Anyone who has competed in triathlon in South Dakota for even a short period of time will soon begin to recognize a familiar face that appears at a handful of sprints across the eastern part of the state. With his twinkling eyes and constant smile, Howard Bich is hard to miss. He’s the toughest 74-year-old we have seen in our sport, finishing every race he’s ever started.
Bich’s career in triathlon began not by his own aspirations but via his son’s influence. Brian Bich, an accomplished age-grouper now, was attending graduate school at USD when a friend convinced him to try triathlon. He experienced success almost immediately. Howard went to a few of Brian’s events, and as a natural athlete himself, thought the whole experience looked like fun.
So he signed up for one.
Bich did not know how to swim. He could dog paddle with the best of untrained swimmers, but even the dog paddle will only get a triathlete so far.
Thus in 1995 it all began in tiny Eureka, one of South Dakota’s best small-town triathlons. Bich, in his own words, nearly drowned. And he finished last, but he finished.
Two years passed.
In 1997 Howard decided to try Eureka again. By this time, he had taught himself to do the side stroke, so while Howard finished last again, this time he enjoyed himself. So he kept on competing.
Shortly thereafter Bich swallowed his pride and asked the swimming instructors at his local indoor pool in Wagner to teach him to swim. He claims this was the hardest thing he’s ever had to learn athletically.
To date Bich has competed in somewhere around 170 triathlons. He has completed every single one despite some pretty daunting circumstances. Bich cites a couple of triathlons with incessant rain, wind, and downright cold conditions. In one event (a May triathlon in Watertown) Howard claims the warmest part of the day was the pool swim thanks to temps in the 40s and a stiff north wind.
Bich has become more than just “the old guy doing triathlons.” He is one of the best ambassadors our state can have for this sport we all love. His excitement for the sport and love of the environment is palpable. Healthy people and a positive environment keep bringing him back to events. “It’s hard to find someone with a frown at a triathlon,” he states. True story.
Furthermore, Bich understands the health benefits of the idea that made cross-training a sport. “It’s a really good way to keep in shape,” states Howard. He goes to explain how a person can swim with little health risk (other than drowning) and can bike with little impact on the joints. In fact, Bich doesn’t even really train for races. He follows a fairly regular pattern of playing basketball on Monday, riding bike on Tuesday, swimming on Wednesday, and then taking Thursday and Friday off to prepare for triathlon on Saturday. “That way you don’t get bored,” he states.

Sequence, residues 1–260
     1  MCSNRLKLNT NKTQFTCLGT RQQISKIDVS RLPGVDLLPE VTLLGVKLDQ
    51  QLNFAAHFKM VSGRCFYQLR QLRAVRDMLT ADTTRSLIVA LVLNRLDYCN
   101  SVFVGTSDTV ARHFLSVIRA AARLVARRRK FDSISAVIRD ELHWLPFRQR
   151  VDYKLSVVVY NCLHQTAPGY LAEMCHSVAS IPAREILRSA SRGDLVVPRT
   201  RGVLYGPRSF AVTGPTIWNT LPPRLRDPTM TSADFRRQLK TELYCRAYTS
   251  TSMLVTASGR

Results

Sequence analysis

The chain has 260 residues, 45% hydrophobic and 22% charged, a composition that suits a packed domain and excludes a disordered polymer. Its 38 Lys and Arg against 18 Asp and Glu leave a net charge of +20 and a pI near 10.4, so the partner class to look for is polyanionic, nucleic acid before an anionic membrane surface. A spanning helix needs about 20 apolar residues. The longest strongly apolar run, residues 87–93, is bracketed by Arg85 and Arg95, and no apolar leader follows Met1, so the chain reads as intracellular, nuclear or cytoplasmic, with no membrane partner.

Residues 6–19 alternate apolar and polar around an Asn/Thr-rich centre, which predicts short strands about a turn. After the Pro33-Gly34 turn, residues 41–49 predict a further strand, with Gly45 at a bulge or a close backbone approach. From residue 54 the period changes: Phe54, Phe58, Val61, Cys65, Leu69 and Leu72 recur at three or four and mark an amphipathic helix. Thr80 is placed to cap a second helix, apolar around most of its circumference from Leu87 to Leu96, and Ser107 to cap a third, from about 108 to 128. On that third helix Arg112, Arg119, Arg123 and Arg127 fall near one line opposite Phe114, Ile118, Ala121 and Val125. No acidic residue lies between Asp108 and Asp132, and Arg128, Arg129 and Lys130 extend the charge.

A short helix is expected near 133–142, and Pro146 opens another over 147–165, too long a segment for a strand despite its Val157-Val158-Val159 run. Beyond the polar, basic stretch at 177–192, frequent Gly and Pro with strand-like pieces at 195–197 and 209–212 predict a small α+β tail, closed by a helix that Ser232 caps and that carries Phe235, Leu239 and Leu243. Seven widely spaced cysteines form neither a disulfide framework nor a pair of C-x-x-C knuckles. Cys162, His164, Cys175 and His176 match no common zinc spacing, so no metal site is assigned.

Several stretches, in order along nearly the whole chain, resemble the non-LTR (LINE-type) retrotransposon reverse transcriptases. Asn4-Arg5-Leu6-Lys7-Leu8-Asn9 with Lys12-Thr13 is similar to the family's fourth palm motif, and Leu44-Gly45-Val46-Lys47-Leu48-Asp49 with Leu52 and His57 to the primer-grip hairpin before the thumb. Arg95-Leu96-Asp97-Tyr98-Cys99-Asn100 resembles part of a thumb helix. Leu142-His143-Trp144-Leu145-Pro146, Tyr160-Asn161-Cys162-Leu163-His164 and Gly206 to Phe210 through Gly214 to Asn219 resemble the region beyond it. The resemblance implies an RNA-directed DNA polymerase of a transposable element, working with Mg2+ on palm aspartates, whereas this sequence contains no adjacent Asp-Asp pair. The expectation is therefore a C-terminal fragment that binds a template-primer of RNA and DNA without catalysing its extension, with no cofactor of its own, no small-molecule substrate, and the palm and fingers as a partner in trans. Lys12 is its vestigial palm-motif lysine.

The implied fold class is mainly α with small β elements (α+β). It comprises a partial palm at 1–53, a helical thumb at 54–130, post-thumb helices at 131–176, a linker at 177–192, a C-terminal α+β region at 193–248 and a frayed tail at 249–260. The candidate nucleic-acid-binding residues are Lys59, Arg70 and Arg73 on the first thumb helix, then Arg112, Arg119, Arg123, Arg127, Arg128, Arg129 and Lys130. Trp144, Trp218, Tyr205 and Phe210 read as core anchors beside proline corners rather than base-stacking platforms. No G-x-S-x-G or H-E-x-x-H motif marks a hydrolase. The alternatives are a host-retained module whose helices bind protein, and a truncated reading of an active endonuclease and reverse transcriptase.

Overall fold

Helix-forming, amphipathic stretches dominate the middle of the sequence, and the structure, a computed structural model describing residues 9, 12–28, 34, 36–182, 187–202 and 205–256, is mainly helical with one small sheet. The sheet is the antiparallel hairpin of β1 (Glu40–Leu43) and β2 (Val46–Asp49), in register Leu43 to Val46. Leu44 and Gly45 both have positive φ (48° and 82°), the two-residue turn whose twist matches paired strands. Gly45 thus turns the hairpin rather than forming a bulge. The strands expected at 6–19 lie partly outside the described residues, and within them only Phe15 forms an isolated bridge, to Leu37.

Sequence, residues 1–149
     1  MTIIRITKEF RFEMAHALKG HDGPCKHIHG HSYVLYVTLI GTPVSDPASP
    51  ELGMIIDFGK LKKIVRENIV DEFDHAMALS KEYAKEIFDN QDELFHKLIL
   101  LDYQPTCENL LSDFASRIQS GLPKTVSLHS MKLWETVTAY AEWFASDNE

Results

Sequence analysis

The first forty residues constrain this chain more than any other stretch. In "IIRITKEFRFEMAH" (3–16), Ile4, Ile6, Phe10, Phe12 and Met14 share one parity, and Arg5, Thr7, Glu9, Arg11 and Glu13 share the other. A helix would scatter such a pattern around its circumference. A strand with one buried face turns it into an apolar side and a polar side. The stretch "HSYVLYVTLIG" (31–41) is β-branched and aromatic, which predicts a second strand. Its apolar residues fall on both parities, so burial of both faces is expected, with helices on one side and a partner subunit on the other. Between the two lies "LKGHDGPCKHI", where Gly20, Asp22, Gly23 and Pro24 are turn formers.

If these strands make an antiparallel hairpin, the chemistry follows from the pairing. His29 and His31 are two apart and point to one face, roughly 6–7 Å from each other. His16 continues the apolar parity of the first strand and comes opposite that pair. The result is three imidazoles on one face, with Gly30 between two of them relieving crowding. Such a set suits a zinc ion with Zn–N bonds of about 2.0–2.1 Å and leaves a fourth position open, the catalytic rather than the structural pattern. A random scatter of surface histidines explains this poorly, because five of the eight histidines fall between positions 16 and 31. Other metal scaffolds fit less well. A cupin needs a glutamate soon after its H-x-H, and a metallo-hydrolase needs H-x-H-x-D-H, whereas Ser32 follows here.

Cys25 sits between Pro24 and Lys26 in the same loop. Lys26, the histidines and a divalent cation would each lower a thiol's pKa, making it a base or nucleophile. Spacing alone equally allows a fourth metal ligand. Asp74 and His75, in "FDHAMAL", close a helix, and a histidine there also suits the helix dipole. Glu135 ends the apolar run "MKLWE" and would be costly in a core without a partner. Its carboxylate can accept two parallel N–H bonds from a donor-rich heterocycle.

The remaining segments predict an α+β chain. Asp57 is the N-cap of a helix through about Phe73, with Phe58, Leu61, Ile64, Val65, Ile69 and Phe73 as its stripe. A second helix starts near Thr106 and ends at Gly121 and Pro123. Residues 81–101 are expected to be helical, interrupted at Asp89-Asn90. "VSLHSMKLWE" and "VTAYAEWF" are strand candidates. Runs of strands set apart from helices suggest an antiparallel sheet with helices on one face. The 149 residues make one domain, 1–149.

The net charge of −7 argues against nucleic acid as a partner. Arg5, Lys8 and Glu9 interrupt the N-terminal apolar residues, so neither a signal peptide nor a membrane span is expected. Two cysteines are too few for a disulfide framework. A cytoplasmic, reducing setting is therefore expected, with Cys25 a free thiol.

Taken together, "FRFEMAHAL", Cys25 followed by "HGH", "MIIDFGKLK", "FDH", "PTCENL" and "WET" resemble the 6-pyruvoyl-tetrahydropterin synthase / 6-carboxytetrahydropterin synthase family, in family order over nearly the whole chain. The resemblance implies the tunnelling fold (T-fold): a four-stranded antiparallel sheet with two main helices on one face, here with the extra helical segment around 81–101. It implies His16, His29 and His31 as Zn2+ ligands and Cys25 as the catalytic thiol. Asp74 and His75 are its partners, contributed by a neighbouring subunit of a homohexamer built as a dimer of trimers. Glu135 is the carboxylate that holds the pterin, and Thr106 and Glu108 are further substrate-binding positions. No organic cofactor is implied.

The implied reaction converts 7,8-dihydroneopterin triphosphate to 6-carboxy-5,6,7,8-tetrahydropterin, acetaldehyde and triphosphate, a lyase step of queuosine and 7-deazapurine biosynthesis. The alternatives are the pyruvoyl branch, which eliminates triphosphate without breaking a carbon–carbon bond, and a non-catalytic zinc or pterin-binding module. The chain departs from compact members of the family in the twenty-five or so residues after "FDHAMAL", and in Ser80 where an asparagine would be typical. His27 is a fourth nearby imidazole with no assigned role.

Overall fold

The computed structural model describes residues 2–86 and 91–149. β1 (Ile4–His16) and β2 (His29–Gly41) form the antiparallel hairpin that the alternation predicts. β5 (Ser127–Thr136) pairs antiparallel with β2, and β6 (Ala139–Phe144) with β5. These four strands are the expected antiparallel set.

With such a cache of triathlons under his belt, Bich has some pretty great memories. In particular, the first race where he did not finish last–his sixth triathlon–stands out to him. He realized halfway through the run that he might be able to pass the runner in front of him. So he put the afterburners on and caught up to the athlete with only 50 yards left. This race meant Bich had met his second goal: to not finish last. And it also solidified something for Bich: that he could complete something he had formerly thought impossible.
The senior national games in Pittsburgh also stands out, but not with the same pleasant memories. But this particular story reveals Howard’s mettle. He and his wife Arlene had traveled to Pittsburgh for the national senior games, and he had qualified in triathlon. At this race Howard experienced something that to date he has only had happen once: a flat tire. The tire went down within one mile of leaving transition, so, showing his South Dakota tenacity, Howard hefted the bike up and carried it while he walked and ran back to transition. He had brought a spare wheel with him, so he changed out the wheel, went back out, and once again, completed a race despite his position.
Howard has never not finished a race.
A genuine ambassador for South Dakota triathlon, Bich brings a breath of fresh air and genuine perspective to the sport. He competes because he clearly loves just about everything about it. “I love the people – before the race and after the race. The swim, bike, and run – I don’t know whether that’s fun or not,” he states.
He must. After retiring from teaching and moving from Wagner to Sioux Falls, Howard and his wife Arlene founded the highly successful Dakotaman triathlon (taking place this Saturday). They’ve been running the race from their home as a committee of two since the beginning, with each one complimenting the other. Howard claims Arlene is the brains behind the operation, and Arlene claims Howard does all of the heavy lifting work. They really do work well together.
So anyone who ever even has an inkling about doing a tri, consider Howard. Think you’re too old? Bich didn’t start until he was in his 50s, and he continues to race into his 70s. Think you’re too slow? Bich finishes every race despite his placing. He clearly loves the sport. In fact, he encourages other triathletes with one short piece of advice: “Jump in and do it. I’m sure you’ll have fun.”